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Int J Infect Dis. 2017 Mar;56:155-166. doi: 10.1016/j.ijid.2017.01.015. Epub 2017 Feb 10.

Immune recognition surface construction of Mycobacterium tuberculosis epitope-specific antibody responses in tuberculosis patients identified by peptide microarrays.

Author information

1
Centre for Allogeneic Stem Cell Transplantation (CAST), Karolinska University Hospital Huddinge, Stockholm, Sweden; Division of Therapeutic Immunology (TIM), Department of Laboratory Medicine (LABMED), Karolinska Institutet, Stockholm, Sweden.
2
Division of Therapeutic Immunology (TIM), Department of Laboratory Medicine (LABMED), Karolinska Institutet, Stockholm, Sweden.
3
Department of Medicine Solna, Karolinska Institutet, Stockholm, Sweden; Department of Respiratory Medicine and Allergy, Karolinska University Hospital, Solna, Sweden.
4
FIND, Geneva, Switzerland.
5
Centre for Clinical Microbiology, Division of Infection and Immunity, University College London, and NIHR Biomedical Research Centre, UCL Hospitals NHS Foundation Trust, London, UK.
6
Centre for Allogeneic Stem Cell Transplantation (CAST), Karolinska University Hospital Huddinge, Stockholm, Sweden; Division of Therapeutic Immunology (TIM), Department of Laboratory Medicine (LABMED), Karolinska Institutet, Stockholm, Sweden. Electronic address: markus.maeurer@ki.se.

Abstract

BACKGROUND:

Understanding of humoral immune responses in tuberculosis (TB) is gaining interest, since B-cells and antibodies may be important in diagnosis as well as protective immune responses. High-content peptide microarrays (HCPM) are highly precise and reliable for gauging specific antibody responses to pathogens, as well as autoantigens.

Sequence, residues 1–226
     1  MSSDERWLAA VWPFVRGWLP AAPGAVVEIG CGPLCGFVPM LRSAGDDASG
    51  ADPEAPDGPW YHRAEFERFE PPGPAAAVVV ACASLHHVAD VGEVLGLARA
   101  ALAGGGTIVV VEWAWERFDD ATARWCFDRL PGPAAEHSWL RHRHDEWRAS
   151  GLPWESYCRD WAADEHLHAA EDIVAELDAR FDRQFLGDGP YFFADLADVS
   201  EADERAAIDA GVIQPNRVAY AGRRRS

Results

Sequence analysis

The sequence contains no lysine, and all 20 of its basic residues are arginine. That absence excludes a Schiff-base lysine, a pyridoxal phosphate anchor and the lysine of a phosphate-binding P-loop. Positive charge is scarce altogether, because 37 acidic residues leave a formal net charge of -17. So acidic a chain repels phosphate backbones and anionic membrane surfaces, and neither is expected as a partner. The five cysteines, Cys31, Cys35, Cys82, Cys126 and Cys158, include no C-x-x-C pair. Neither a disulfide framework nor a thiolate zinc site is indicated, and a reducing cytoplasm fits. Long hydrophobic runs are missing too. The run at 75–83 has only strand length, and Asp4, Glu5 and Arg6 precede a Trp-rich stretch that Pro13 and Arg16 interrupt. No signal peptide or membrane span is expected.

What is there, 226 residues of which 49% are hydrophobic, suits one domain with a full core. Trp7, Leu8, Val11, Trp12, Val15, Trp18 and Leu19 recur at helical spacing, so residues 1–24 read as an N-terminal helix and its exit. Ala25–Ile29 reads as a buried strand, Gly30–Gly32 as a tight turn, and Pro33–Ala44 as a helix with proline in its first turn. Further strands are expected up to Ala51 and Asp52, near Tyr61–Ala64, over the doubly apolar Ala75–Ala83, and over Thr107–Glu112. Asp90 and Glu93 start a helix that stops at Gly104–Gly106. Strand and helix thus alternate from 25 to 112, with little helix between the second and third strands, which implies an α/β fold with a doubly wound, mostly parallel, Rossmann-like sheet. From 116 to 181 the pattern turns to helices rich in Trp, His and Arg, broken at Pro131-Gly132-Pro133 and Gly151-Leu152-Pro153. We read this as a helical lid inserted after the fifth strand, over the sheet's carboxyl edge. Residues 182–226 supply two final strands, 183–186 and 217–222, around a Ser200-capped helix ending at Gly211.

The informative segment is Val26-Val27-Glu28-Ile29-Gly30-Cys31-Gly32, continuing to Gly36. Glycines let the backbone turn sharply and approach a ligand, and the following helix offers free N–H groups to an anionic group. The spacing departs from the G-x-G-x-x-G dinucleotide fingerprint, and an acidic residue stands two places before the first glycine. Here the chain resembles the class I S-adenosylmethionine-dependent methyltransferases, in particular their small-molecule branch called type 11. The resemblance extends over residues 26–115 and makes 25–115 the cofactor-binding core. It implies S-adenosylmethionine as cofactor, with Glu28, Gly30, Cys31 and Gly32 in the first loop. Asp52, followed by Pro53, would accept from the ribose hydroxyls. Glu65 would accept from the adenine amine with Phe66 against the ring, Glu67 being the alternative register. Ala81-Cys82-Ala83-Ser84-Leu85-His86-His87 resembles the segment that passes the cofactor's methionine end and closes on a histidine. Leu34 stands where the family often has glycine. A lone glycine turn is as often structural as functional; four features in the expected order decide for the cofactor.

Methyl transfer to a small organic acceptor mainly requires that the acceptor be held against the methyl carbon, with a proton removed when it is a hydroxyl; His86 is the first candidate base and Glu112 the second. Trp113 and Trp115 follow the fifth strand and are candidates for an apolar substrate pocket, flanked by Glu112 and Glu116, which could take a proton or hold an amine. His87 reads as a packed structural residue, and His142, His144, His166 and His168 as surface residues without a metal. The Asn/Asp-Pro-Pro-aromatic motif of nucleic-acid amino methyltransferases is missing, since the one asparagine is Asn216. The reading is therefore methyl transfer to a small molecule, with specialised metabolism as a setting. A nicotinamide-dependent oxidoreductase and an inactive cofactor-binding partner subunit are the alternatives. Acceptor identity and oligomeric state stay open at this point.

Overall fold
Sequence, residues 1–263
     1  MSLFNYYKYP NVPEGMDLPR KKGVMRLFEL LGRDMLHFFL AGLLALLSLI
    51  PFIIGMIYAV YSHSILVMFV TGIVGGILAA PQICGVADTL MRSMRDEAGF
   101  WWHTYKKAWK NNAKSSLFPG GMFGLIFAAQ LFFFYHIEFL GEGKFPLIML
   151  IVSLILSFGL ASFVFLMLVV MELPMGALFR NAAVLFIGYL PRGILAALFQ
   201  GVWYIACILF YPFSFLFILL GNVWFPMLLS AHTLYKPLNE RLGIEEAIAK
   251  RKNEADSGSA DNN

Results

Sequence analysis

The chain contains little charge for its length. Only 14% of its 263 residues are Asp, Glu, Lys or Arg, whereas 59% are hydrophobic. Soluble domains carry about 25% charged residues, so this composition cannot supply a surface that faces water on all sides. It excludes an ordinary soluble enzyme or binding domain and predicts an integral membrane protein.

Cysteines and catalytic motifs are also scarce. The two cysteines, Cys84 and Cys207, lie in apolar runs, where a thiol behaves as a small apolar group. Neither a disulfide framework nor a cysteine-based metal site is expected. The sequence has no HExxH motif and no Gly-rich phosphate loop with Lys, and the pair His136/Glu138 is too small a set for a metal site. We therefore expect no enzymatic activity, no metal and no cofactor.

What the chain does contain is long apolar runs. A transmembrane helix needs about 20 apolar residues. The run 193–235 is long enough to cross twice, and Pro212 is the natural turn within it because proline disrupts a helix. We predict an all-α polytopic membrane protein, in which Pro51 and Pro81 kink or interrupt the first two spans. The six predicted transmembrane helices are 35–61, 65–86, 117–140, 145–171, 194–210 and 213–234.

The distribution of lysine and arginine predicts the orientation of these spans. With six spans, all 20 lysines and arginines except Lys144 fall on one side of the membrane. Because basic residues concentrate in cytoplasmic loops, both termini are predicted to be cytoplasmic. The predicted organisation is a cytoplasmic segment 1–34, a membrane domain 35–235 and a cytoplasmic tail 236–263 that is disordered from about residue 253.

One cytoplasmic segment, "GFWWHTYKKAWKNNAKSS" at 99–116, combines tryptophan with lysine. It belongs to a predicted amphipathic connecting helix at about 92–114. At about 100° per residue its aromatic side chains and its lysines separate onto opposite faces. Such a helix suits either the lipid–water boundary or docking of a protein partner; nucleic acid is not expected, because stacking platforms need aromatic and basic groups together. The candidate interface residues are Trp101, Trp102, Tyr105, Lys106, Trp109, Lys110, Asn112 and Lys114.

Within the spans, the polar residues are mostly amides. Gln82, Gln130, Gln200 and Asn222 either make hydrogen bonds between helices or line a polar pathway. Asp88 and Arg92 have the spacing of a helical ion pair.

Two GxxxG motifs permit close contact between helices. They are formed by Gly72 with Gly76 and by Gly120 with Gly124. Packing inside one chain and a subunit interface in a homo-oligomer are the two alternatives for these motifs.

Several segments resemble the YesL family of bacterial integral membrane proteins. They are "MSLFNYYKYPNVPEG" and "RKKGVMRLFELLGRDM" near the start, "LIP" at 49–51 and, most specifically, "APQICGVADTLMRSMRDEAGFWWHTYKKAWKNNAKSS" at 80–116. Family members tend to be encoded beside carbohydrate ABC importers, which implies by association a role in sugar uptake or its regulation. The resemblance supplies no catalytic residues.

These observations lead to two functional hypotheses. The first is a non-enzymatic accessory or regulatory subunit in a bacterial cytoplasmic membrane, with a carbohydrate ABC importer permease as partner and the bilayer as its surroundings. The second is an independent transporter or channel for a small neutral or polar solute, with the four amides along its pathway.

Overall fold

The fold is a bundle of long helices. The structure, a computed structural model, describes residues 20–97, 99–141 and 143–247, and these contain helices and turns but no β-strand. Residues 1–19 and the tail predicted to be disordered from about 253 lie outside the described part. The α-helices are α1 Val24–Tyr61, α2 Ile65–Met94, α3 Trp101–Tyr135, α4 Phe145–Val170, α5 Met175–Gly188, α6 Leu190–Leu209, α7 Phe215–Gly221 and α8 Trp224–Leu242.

METHODS:

An HCPM comprising epitopes spanning 154 proteins of Mycobacterium tuberculosis was used to gauge specific IgG antibody responses in sera of TB patients from Africa and South America. Open source software for general access to this method is provided.

RESULTS:

The IgG response pattern of TB patients differs from that of healthy individuals, with the molecular complexity of the antigens influencing the strength of recognition. South American individuals with or without TB exhibited a generally stronger serum IgG response to the tested M. tuberculosis antigens compared to their African counterparts. Individual M. tuberculosis peptide targets were defined, segregating patients with TB from Africa versus those from South America.

CONCLUSIONS:

These data reveal the heterogeneity of epitope-dependent humoral immune responses in TB patients, partly due to geographical setting. These findings expose a new avenue for mining clinically meaningful vaccine targets, diagnostic tools, and the development of immunotherapeutics in TB disease management or prevention.

KEYWORDS:

Humoral immune response; Immune recognition surfaces; Mycobacterium tuberculosis; Peptide microarray; Tuberculosis

PMID:
28192214
DOI:
10.1016/j.ijid.2017.01.015
[Indexed for MEDLINE]
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